I remember rushing home from school for the opening game of France ’98 when Scotland took on Brazil. At that age I assumed Scotland would always be there on the big stage – 21 years later and it hasn’t happened again. And what genuine excitement has there been over those two decades? If you’re a member of the Tartan Army there’s the camaraderie of the away trips, the shared experience. For everyone else though the international break just feels like something you’re forced to endure.
Maybe once every few years you’ll get a six-minute burst of excitement such as the Leigh Griffiths’ free-kicks against England. But inevitably that will soon be tempered by the harsh reality of Stuart Armstrong giving the ball away. Against England.
It feels like sacrilege to admit the national team don’t excite you but the sense of apathy around the national set-up is clear. And not only among the fans, as Oli McBurnie proved.
For the hundreds of thousands of Scottish football fans who have never seen and quite possibly never will see the men’s national team compete in a major tournament how could the entirely predictable drudgery of the 2-1 defeat against Russia hold any appeal?
Aside from getting the chance to see Kevin de Bruyne at close quarters what could possibly have excited anyone about the prospect of Scotland enduring an evening of being toyed with by Belgium?
For me and the vast majority of football fans I know, international football is just something we have to put up with for a couple of weeks before the real football starts up. There’s a sense of obligation about it rather than anticipation.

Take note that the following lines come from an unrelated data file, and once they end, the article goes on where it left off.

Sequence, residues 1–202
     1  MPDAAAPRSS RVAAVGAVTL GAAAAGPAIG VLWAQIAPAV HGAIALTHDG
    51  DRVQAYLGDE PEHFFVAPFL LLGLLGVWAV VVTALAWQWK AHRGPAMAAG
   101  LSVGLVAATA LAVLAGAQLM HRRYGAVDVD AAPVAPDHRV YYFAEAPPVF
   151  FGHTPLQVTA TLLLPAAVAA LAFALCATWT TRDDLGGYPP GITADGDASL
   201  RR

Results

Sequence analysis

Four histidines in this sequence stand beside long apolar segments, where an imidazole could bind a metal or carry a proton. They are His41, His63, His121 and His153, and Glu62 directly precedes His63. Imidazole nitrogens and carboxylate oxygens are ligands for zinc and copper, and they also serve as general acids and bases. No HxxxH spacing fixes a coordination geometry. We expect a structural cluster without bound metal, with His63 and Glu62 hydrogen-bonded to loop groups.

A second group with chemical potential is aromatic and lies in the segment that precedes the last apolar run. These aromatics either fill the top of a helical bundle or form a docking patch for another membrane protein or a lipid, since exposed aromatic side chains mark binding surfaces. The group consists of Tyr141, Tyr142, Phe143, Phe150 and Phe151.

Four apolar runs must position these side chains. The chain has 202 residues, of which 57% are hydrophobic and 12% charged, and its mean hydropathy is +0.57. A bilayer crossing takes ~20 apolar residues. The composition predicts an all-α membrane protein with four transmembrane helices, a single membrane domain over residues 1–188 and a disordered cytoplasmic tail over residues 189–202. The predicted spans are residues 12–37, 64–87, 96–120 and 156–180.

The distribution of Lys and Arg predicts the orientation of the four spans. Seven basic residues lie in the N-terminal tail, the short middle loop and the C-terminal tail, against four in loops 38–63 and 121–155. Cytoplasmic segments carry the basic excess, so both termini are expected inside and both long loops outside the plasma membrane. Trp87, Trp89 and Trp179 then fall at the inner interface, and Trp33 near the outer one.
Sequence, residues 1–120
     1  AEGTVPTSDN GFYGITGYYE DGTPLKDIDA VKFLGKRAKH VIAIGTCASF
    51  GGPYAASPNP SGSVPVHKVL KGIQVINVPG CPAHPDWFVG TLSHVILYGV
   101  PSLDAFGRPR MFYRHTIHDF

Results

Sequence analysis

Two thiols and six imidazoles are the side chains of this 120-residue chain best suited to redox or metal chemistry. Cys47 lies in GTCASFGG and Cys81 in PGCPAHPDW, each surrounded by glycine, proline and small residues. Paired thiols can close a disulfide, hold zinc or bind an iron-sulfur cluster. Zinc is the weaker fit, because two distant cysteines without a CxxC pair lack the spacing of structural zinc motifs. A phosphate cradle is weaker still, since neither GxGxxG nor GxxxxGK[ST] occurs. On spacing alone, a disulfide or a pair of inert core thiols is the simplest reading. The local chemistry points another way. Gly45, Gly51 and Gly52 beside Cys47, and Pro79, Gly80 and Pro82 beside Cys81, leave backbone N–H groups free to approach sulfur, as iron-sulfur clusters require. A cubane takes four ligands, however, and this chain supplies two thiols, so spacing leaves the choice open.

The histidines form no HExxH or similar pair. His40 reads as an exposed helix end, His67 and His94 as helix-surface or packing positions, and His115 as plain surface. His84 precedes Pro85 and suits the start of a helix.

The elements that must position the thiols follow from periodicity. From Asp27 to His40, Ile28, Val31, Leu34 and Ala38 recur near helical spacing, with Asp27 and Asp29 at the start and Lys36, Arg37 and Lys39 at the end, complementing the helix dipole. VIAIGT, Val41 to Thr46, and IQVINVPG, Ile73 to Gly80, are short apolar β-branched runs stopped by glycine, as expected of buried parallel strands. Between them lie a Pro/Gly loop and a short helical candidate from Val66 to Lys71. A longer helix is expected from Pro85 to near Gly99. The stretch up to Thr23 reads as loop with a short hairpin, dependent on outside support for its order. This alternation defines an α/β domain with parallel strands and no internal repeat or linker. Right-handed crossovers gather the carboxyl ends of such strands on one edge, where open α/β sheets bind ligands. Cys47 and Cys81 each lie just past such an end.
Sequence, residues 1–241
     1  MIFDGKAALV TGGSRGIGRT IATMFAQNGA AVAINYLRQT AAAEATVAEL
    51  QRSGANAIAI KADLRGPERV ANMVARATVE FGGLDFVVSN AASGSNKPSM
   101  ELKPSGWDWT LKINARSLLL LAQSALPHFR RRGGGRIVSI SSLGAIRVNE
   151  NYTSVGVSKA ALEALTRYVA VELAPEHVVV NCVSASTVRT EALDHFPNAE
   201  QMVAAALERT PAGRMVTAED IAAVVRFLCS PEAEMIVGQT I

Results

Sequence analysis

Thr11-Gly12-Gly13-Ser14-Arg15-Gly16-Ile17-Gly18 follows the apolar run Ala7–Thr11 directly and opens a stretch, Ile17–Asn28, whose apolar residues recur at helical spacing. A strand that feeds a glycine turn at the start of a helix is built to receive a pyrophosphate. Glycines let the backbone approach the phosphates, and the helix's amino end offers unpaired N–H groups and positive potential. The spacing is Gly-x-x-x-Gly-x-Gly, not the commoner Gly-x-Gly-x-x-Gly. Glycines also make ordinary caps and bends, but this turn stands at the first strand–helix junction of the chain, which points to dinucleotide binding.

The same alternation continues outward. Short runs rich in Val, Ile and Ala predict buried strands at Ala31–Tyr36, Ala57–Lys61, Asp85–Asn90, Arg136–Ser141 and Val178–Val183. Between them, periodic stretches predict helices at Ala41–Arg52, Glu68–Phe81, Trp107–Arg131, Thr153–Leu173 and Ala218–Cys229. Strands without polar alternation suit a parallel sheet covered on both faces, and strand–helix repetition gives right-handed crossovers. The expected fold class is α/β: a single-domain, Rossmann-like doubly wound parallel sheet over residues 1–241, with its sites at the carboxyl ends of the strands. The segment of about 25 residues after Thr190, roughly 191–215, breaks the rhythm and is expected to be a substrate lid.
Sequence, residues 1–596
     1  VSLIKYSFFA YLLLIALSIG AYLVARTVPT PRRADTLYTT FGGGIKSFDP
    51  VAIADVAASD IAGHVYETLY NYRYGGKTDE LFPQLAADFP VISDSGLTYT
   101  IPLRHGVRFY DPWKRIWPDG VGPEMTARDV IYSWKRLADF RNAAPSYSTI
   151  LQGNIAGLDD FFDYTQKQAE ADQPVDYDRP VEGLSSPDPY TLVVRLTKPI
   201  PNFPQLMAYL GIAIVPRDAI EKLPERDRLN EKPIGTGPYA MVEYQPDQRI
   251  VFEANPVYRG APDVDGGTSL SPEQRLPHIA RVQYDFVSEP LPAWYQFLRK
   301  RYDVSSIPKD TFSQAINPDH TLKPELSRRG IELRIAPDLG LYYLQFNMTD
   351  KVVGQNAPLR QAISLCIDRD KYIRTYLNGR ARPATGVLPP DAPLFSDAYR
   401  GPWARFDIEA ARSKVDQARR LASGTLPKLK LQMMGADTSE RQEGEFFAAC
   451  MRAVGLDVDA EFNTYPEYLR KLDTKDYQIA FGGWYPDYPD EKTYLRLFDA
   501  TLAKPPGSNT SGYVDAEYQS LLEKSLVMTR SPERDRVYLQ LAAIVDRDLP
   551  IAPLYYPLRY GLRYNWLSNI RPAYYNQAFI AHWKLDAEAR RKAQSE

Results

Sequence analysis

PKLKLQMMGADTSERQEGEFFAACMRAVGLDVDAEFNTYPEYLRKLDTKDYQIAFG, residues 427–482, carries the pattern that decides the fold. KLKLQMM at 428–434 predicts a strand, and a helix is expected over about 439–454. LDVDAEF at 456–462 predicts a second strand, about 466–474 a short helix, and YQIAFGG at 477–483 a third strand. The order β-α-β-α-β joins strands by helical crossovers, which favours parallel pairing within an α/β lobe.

The SPFL organising their annual photoshoot featuring the captains of all the Premiership sides when the captain of the champions was unavailable. Queen of the South threatening to eject fans who feed seagulls. A tournament being named after Tunnock’s Caramel Wafers.
Celtic fan Tommy Sheridan ranting about Celtic fans ranting about Neil Lennon.
Scott Brown liking a tweet that slagged off his boss then issuing an explanation featuring the line “must of touched the button by accident”.
Boy George tweeting about how Ryan Jack was “amazing in Harry Potter”.
Livingston using the term “thunder twatted a rocket straight into the top pokie” to describe a goal on Twitter.
Clyde boss Danny Lennon, aged 50, throwing himself on as a substitute against Celtic Colts 11 years after retiring.
The Evening Telegraph headline: “Dundee FC launch investigation after bed frame found on top of pie kiosk leaving fans baffled”.
The Evening Telegraph headline: “Arbroath star who sunk Dundee United with penalty gets parking ticket outside Tannadice”.
Falkirk making Conor Sammon pose with pizzas and burgers for no discernible reason.
Dundee giving away a penalty with what was described as a “head-first sliding tackle”.
St Johnstone marking Stevie May’s return to the club with a video entitled: “Remember me?”.
All those things happened in the first few weeks of club football in 2019-20. If you can tell me with a straight face anything relating to the Russia or Belgium games was remotely comparable then next Saturday’s column will have the headline: “Why my column last Saturday about being bored of Scotland was utter sh***”.
But you won’t be able to. I’ll always want Scotland to win but when it comes to internationals
sometimes it’s nice to have a break from the break.